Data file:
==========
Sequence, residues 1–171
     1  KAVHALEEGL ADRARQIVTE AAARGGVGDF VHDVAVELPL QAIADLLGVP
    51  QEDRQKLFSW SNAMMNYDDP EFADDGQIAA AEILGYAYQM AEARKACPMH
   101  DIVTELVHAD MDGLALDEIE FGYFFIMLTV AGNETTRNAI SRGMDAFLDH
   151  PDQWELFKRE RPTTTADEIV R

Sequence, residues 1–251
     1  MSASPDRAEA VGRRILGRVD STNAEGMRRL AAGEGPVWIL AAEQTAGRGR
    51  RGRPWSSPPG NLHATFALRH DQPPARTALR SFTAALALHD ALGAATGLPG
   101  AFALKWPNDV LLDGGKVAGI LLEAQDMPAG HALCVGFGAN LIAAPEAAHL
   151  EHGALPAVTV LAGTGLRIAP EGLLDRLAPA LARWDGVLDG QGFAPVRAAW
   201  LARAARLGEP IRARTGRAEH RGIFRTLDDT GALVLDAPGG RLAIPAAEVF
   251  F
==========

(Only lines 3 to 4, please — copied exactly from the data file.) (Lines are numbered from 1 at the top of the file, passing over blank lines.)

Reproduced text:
    51  QEDRQKLFSW SNAMMNYDDP EFADDGQIAA AEILGYAYQM AEARKACPMH
   101  DIVTELVHAD MDGLALDEIE FGYFFIMLTV AGNETTRNAI SRGMDAFLDH